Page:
I’ll rewind about 15 months from this point momentarily. Some time ago Ladan’s Uncle Shahram gave me a Personal Digital Assistant, a Sony Clie PEG-UX50, a really smart electronic personal organiser that can take pictures, record video, sound, surf the web, do email, contain electronic versions of books, and much much more, it has been by my side almost every day and night with exception of a few times where I have left it in the place I am staying or in the hospital or care home that Ladan is in, two nights before I was asked into the office was one of these nights that I went to bed and realised that by PDA wasn’t by my side and that I must have left it at the Hawthorns somewhere, I didn’t think anything of it, it often happened. The following evening it was returned to me and they mentioned that it was found in the morning underneath a flannel and had appeared to be switched on. As the device has an auto-off within 3 minutes, unless in active use, I did not think much about what they said to me until a short while later it suddenly occurred to me that if a flannel had been placed on top of the PDA and it was found switched on then somebody must have pressed down on top of the flannel in such a way as to press the voice memo button on the outside of the device, which would mean that they had recorded themselves in the room with Ladan. I had a look and indeed there was a 40 minute recording from that morning (40 minutes would have been a limit imposed by memory or battery restrictions, both of which are very limited), I listened to enough of it to recognise that it was what I suspected it was and then went and told the nurse on duty what must had happened, I also told the nurse on duty that night, who had recorded herself, what had happened, reassuring her, should there be any doubt, that it was not something I had done myself nor was it possible for the PDA to be set to record a conversation at a future time.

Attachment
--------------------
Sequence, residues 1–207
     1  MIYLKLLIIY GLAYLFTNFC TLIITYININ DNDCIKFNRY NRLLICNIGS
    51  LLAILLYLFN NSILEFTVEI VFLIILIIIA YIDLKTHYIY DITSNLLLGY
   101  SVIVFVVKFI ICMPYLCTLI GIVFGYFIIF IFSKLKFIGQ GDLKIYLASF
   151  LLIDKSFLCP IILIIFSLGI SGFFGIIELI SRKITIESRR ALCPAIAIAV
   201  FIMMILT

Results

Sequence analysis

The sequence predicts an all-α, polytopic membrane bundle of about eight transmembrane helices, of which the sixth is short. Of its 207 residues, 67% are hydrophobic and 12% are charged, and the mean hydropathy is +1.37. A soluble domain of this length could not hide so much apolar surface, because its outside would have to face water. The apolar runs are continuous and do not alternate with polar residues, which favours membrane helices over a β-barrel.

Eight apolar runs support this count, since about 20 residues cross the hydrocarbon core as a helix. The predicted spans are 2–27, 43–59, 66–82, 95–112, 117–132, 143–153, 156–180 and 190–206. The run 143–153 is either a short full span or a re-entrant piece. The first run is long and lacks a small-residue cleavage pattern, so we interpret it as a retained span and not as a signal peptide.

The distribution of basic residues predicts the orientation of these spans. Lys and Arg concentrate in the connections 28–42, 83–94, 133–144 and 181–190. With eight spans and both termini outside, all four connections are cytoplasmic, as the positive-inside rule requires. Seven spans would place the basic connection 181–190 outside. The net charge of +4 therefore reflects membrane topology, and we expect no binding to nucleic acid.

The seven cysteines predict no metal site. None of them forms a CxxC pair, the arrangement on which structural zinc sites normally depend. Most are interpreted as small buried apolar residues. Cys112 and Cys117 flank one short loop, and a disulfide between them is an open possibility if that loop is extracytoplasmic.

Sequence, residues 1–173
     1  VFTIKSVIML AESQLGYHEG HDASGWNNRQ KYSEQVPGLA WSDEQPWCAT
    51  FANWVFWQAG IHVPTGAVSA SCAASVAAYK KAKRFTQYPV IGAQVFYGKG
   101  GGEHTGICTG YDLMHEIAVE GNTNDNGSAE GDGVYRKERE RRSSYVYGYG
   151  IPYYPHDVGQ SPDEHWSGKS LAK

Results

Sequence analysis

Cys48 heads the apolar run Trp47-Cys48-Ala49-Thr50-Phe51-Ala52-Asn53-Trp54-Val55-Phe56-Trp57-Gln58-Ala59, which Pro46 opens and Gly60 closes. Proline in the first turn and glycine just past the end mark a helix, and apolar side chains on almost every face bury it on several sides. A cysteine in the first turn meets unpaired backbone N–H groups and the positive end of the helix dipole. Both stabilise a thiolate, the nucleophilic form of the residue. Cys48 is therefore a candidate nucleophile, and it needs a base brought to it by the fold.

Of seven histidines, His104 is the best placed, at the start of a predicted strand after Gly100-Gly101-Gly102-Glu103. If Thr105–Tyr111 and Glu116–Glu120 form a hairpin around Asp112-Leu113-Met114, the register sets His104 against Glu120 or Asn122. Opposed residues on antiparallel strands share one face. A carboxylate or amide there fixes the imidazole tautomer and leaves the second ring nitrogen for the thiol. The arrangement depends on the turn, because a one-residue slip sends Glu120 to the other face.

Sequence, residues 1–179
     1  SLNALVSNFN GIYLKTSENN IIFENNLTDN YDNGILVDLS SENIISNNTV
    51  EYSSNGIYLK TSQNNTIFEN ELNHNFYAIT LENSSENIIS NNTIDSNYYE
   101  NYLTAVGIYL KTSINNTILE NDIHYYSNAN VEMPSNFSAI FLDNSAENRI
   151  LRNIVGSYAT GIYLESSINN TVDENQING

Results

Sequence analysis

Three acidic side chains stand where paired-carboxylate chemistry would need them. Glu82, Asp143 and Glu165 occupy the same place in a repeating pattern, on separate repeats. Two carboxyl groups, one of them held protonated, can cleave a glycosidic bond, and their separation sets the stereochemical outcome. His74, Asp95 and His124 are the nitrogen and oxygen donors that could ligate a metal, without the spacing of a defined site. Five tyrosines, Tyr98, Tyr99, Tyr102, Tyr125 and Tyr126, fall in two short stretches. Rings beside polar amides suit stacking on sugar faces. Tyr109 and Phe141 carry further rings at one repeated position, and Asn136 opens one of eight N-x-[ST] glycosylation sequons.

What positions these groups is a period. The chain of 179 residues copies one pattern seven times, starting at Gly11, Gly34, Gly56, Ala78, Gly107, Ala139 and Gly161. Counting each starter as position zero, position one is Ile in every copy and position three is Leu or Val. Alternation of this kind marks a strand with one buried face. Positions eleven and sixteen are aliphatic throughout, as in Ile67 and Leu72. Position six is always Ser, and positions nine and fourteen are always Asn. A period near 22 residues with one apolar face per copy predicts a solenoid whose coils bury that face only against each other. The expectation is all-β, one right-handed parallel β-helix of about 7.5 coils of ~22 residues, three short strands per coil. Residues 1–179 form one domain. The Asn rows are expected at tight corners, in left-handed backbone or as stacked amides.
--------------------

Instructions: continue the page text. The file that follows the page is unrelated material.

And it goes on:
So, I figured that I had seen a potential suspicion arising and had nipped it in the bud, but I was wrong. Asked, in the office, how I was, I replied that I was okay and then faced several questions over whether it was “okay” to deliberately leave a device in Ladan’s room to record conversations! When I pointed out that this had not happened and tried to demonstrate what had happened I was repeatedly accused of lying and told that I did not trust the nurses, a big deal was made of the fact that a flannel had somehow found its way on top of the PDA, which was apparantly on a table next to the sink, as if that could only occur in a dimly lit room through some deliberate act of deception and I repeated numerous times that it wasn’t even possible to do what they were accusing me of with my PDA, since it cannot be set to record at a future time, has no voice activation facility and was not able to still be recording in the morning had I left it recording on departure the previous night. Eventually my accusers stopped accusing and I also had a chance to point out that the suggestion I didn’t trust the nurses in whose care I had left Ladan for the last six months couldn’t be further from the truth, but the facts that the staff could believe that I didn’t trust them and that they clearly didn’t trust me after having been there was very concerning, not anywhere near as stressful as the thought of being forced to leave Ladan to suffer by herself in the name of “rest” had been, but all hope that communication might be improving at the Hawthorns were shattered in an instant.